Morning Agenda: Splits in Uber Board Slow C.E.O. Search

So, Ms. Whitman said she was out.

Now, the search for a replacement could drag on because the board members are split.

Jeffrey Immelt, the departing chief executive of General Electric, is in contention. But not everyone is convinced that he is the right choice.

HSBC to Buy Back Up to $2 Billion in Shares

HSBC plans to buy back up to $2 billion in shares after its performance proved better than expected in the second quarter.

The London-based bank has been overhauling its operations, shedding tens of thousands of jobs, selling underperforming businesses and shrinking its global investment banking business. And as its prospects have improved, it has announced $5.5 billion in share repurchases since the second half of last year.

Profit was up to $3.9 billion in the second quarter, from $2.5 billion the year before.

The bank is also headed toward a change of leadership. Mark Tucker, the chief executive of AIA, will replace Douglas Flint as chairman in October. Mr. Tucker will have to find a chief executive to replace Stuart Gulliver, the chief executive, who plans to retire.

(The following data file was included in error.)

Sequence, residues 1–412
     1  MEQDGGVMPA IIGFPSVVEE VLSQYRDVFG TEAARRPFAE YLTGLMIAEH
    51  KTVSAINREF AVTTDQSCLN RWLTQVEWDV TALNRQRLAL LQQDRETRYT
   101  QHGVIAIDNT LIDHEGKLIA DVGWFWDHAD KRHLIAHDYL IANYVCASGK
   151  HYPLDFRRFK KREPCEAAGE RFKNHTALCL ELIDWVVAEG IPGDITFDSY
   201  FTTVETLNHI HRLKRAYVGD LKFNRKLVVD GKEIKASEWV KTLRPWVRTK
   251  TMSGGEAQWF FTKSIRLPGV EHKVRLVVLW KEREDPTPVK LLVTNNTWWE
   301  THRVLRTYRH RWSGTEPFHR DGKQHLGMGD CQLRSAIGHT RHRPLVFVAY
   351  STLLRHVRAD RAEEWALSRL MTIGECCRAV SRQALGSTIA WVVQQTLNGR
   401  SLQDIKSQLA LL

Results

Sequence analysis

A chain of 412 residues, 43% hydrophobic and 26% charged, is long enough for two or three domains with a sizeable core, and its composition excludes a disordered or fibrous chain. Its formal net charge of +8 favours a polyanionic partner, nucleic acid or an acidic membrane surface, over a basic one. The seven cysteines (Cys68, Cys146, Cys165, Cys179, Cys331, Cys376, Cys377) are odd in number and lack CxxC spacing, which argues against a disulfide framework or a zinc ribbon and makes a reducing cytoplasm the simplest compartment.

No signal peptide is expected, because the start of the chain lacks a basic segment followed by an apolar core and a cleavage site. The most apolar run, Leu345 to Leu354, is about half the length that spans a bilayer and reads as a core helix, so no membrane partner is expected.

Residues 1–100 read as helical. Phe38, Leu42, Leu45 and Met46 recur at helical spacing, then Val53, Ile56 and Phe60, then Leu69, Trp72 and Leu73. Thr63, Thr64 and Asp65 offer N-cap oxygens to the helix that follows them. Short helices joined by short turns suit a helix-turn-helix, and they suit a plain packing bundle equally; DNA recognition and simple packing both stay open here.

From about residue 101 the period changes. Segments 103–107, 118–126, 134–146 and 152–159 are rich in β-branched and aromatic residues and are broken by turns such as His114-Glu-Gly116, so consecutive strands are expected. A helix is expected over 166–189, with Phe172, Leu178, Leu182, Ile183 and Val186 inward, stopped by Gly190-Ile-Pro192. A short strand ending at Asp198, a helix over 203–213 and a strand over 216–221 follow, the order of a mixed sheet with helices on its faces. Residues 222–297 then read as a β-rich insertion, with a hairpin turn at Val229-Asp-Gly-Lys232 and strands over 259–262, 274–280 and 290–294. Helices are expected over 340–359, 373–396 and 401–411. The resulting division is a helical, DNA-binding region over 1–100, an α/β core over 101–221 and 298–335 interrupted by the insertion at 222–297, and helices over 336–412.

Cooling Off China’s Deal Spree, Continued

Here’s a roundup of the latest efforts to hem in China’s giant, acquisitive conglomerates:

• The Chinese government has asked Anbang Insurance, the owner of the Waldorf Astoria hotel, to sell its overseas assets and bring home the proceeds, Bloomberg News reported, citing unnamed sources. (Anbang is the conglomerate whose chairman, Wu Xiaohui, had been detained by the police last month.)

In a message on the WeChat messaging service, the company said, “Anbang at present has no plans to sell its overseas assets.”

• Guo Guangchang, the chairman of another conglomerate, Fosun International, said he supported a crackdown on overseas investments, Reuters reported. The rules were “essential and timely” to root out risky investments and sort out financial “chaos,” Mr. Guo said in a note that was posted on Fosun’s WeChat account.

“If no steps were taken then foreigners would simply think that Chinese firms were just ‘silly money,’” Mr. Guo added.

DowDuPont Said to Face Challenge from Four Activists

Dow Chemical and DuPont have already had to deal with two activist investors, Glenview Capital Management and Third Point, which are concerned about their merger. Now the chemical makers have had Jana Partners and Trian Fund Management privately voicing concerns about how the businesses will…

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